Connecticut Post Editorial Page Editor Michael J. Daly weighs in on the Board of Education boycott, asserting in his upcoming Sunday column that now appears on line, “Well, I’d say to those boycotting board members, you don’t have the right to do that. You were elected to act, not stamp your feet.” An excerpt follows. Full column here.
While Rome burns, Bridgeport’s Board of Education continues its Jerry Springer routine, while 21,000 students and some 1,500 teachers keep their heads down and try to focus on what they’re supposed to be doing.
There’s not a one of the board members that does not now share some blame in what has become an embarrassing display of contentious bickering.
Meetings, at which the children’s business should be tended to, would seem to be on hold until further notice, with one group saying it won’t participate until one or more other board members resigns.
Well, I’d say to those boycotting board members, you don’t have the right to do that. You were elected to act, not stamp your feet.
The way I’ve always seen things work in Bridgeport, the majority rules. Somebody needs to take charge.
No one in their right mind is going to resign an elected position.
But with an elected position also comes the responsibility to exercise that authority in pursuit of the broader good, not in pursuit of a personal vendetta.
A perceptive, clear-thinking judge the other day concluded that the way the state of Connecticut parcels out money to school districts is “irrational.”
And if Judge Thomas P. Moukawsher couldn’t figure it out, imagine what chance the rest of us would have.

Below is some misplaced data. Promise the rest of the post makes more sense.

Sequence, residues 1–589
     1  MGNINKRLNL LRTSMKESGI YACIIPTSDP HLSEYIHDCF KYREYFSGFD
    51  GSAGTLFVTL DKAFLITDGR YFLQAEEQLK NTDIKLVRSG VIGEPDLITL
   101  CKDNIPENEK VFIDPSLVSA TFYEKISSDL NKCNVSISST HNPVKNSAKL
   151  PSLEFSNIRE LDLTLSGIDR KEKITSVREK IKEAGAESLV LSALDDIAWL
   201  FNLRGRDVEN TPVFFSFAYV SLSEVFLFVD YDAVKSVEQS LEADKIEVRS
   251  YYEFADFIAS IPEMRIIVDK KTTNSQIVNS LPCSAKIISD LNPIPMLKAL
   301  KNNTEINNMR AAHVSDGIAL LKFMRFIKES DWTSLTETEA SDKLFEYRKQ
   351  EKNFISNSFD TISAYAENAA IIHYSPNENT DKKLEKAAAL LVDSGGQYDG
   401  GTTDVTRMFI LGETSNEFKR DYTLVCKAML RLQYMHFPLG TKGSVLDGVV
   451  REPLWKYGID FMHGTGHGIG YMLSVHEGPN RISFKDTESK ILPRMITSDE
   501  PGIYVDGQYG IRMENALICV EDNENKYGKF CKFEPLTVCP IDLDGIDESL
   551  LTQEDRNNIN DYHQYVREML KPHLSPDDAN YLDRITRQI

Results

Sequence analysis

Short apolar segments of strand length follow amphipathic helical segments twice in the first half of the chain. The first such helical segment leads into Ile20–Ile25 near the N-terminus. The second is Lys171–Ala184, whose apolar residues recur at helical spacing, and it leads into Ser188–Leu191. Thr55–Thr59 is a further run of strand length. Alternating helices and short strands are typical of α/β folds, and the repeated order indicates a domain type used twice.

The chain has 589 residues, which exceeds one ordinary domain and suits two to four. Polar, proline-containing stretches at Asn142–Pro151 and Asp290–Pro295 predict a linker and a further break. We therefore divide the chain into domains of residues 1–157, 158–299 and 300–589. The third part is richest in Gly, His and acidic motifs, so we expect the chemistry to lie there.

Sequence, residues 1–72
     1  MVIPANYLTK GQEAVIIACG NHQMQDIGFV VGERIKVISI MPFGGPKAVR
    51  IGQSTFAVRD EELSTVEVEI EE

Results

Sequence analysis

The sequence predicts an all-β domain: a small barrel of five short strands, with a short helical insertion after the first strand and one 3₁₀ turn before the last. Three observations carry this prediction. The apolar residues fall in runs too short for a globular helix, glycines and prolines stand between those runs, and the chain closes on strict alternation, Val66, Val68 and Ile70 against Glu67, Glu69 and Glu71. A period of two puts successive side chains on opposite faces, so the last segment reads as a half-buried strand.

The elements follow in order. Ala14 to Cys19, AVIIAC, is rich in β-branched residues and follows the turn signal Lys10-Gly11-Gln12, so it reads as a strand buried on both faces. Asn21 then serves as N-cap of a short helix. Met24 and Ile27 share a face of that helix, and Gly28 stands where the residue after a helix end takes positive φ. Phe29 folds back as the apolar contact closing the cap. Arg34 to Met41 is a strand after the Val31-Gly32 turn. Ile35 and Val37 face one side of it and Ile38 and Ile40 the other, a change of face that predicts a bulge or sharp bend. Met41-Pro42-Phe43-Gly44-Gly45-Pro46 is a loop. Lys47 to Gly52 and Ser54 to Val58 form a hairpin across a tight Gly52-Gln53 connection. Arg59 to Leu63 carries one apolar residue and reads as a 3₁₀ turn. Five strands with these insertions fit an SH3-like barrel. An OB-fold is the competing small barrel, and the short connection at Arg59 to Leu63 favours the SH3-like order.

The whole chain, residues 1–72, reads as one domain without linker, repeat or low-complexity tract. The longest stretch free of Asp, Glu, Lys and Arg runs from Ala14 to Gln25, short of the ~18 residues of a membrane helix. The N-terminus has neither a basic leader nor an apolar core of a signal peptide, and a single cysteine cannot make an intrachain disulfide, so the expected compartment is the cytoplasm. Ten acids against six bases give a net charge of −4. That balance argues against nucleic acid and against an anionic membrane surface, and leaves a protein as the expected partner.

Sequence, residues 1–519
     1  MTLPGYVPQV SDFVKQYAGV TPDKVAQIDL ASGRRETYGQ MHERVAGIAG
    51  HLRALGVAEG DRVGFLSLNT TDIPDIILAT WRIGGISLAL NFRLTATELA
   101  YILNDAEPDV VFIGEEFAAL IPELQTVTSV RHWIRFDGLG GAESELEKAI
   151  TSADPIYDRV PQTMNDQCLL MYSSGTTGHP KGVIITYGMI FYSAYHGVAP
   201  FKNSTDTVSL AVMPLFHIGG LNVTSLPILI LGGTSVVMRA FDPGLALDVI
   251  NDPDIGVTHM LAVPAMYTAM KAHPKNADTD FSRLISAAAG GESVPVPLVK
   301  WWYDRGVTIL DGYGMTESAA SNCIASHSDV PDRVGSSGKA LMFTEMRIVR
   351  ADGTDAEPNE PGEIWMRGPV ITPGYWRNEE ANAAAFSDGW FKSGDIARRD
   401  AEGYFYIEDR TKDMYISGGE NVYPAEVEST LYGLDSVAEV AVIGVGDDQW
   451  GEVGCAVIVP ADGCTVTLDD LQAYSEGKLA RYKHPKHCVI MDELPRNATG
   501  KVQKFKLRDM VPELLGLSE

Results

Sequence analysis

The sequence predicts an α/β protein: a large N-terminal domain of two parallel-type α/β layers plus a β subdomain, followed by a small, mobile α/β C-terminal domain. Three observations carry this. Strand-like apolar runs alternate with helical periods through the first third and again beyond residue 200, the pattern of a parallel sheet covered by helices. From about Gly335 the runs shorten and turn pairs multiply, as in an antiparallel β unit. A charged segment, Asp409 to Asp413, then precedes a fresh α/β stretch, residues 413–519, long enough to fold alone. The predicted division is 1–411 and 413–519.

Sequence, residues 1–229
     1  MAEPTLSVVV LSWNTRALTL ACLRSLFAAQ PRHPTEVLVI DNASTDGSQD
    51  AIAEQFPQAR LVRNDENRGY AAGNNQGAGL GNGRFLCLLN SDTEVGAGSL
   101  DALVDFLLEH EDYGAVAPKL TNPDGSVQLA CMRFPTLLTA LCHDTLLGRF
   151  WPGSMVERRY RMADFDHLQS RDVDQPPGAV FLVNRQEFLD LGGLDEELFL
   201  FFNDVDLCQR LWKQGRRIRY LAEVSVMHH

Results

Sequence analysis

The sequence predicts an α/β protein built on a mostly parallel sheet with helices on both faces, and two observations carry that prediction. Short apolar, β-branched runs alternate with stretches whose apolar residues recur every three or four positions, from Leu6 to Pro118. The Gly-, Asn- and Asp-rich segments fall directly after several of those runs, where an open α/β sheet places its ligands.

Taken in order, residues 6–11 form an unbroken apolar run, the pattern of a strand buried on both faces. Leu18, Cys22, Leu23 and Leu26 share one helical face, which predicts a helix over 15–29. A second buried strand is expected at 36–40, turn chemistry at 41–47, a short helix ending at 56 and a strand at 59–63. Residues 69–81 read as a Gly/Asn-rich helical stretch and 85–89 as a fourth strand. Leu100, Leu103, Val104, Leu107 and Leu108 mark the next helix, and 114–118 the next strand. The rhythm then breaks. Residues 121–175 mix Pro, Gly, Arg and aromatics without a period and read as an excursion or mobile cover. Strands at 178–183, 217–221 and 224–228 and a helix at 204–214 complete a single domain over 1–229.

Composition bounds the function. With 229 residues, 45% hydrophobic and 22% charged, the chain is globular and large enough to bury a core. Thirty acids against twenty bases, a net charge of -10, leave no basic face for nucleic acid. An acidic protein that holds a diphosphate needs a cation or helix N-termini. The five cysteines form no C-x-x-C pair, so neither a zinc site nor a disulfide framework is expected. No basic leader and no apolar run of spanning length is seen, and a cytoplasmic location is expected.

What he could figure out was that in one of the state’s recent budget crises–it’s hard to tell when one ends and the next begins–just as some poor districts were losing $5 million, wealthier towns were picking up that amount.
Maybe that’s where the “irrational” came from.
Moukawsher sort of kicked the door open to the school building and now the wind and rain are blowing through.
Attorney General George Jepsen, with an appeal aimed at parts of the judge’s order to sort things out in the next 180 days, has shoulder to the door, trying to close it and keep the potentially damaging effects of the elements out of the structure.
But wind and rain can also be cleansing.
For more than 40 years, by my recollection, the public school system has been out of whack, and glaringly so in places like Bridgeport and environs.
When the gilded Fairfield County family gathers for events–Fairfield, Westport, Greenwich, and so on–Bridgeport is the cousin with garlic on his breath and an ill-fitting jacket.
The rest of the family bears the occasional interaction with the city, but is pleased when the cousin goes home.
While this appeal is just another a bad idea, give Jepsen credit at least for recognizing that the judge put his finger on a number of issues.
And Jepsen conceded, “Nothing about this appeal prevents policymakers from immediately addressing those challenges, and I urge them to do so without delay.”